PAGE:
Monday, November 28, 2011

Annotated Bib - Living or Nonliving

Perhaps one of the simplest ways to classify things is to ask yourself, is it living or nonliving? What does it mean to be alive? Living things grow, reproduce, and have basic needs. Nonliving things don't really need anything, can't reproduce and they don't grow.


Animals Grow and Change (Introducing Living Things)
. By Bobbie Kalman. 2007. 24p. Crabtree Publishing Company, (9870778732274). Gr PreK-1.

This book takes us through the life cycle of many different types of animals. We learn that animals can be born or hatched, that some go through metamorphosis while others begin as small versions of the adult. The growing and changing that these animals do is part of why you know they are living things.

Is it Living or Nonliving. By Rebecca Rissman. 2009. 24p. Heineman-Raintree, (9781432922726). Gr K-2.

By learning to ask questions, children begin to explore the classification of living and nonliving things. This simple book will introduce students to the characteristics something needs to be classified as a living organism. If those criteria are not met, one can then assume that the object is nonliving.

Living Things N
eed Water. By Bobbie Kalman. 2007. 24p. Crabtree Publishing Company, (9870778732563). Gr. K-2.

This book goes over water and it's role in the lives of living things. Plants need water, animals need water, most drink it, some live in it. From streams to the oceans, water and living things come hand in hand.

Plants are Living Things. By Bobbie Kalman. 2007. 24p. Crabtree Publishing Company, (9870778732570).

Many children will have an easy time accepting that animals are alive. This book shows how plants are living things as well. We go over the characteristics of living things, then show how a plant is able to meet the criteria. Like animals plants grow, need nutrition, and there are many different kinds.

What's Alive? By Kathleen Zoehfeld. Illus. by Nadine Westcott. 1995. 32p. Collins, (9870064451321). Gr PreK-1.

This book makes for a great read aloud to children. It gets them involved by suggesting they make drawings to sort and asking questions to compare themselves, a known living organism, to other "unknowns" to decide if that unknown is living or nonliving.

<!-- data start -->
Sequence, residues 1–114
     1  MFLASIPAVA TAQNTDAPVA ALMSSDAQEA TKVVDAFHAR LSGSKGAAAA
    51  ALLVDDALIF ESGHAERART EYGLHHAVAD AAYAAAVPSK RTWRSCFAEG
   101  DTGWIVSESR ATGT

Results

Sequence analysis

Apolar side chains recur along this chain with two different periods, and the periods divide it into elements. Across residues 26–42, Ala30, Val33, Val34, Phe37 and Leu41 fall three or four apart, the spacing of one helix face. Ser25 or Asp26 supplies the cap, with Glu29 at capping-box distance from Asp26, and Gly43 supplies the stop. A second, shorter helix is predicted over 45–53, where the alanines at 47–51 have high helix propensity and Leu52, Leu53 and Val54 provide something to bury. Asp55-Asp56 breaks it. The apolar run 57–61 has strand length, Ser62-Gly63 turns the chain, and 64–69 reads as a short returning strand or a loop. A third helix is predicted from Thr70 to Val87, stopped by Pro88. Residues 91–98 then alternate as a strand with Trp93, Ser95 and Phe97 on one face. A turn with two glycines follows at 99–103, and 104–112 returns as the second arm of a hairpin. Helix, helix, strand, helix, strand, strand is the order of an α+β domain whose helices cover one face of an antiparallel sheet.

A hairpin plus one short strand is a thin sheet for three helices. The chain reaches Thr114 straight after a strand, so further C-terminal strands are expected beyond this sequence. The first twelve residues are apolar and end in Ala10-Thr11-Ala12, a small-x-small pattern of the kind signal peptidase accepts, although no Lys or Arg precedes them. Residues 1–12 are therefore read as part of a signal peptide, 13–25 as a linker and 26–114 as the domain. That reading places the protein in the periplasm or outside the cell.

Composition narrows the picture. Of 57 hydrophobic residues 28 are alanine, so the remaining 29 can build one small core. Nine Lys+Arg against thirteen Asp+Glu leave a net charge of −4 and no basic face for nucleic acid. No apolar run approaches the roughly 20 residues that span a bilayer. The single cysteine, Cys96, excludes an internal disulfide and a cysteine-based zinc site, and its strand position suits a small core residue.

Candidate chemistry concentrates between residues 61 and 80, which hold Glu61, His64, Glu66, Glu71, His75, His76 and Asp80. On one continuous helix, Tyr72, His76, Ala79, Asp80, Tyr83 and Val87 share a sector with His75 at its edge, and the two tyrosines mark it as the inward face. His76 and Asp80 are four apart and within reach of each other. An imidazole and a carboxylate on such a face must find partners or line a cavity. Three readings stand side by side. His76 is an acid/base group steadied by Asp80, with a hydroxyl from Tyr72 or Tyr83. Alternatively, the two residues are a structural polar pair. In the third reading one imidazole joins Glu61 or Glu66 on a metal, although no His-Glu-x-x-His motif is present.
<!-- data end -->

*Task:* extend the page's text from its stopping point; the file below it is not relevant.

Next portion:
How Plants Grow
. This activity shows how plants, as living things, have certain needs that need to be met to be able to live and grow. After children are able to successfully grow their plant, they then experiment with the plants needs to see what happens with too much or too little of a certain thing, water, heat, light, etc.

Plants and Animals-Living Things. Here is a game where children can put their new knowledge to the test. Their job is to take pictures of the living things on the playground. Can they find all eight?

For Teachers:

Virginia Standards of Learning
SOL K.6 The student will investigate and understand the differences between living organisms and nonliving objects. Key concepts include
a. all things can be classified as living or nonliving and
b. living organisms have certain characteristics that distinguish them from nonliving objects including growth, movement, response to the environment, having offspring, and the need for food, air, and water.

Background Knowledge

  • Living is used to describe anything that is or has ever been alive (e.g., dog, flower, seed, log).
  • Nonliving is used to describe anything that is not now nor has ever been alive (e.g., rock, mountain, glass, wristwatch).
  • All living things grow, breathe, reproduce, excrete, respond to stimuli, and have similar basic needs like nourishment.

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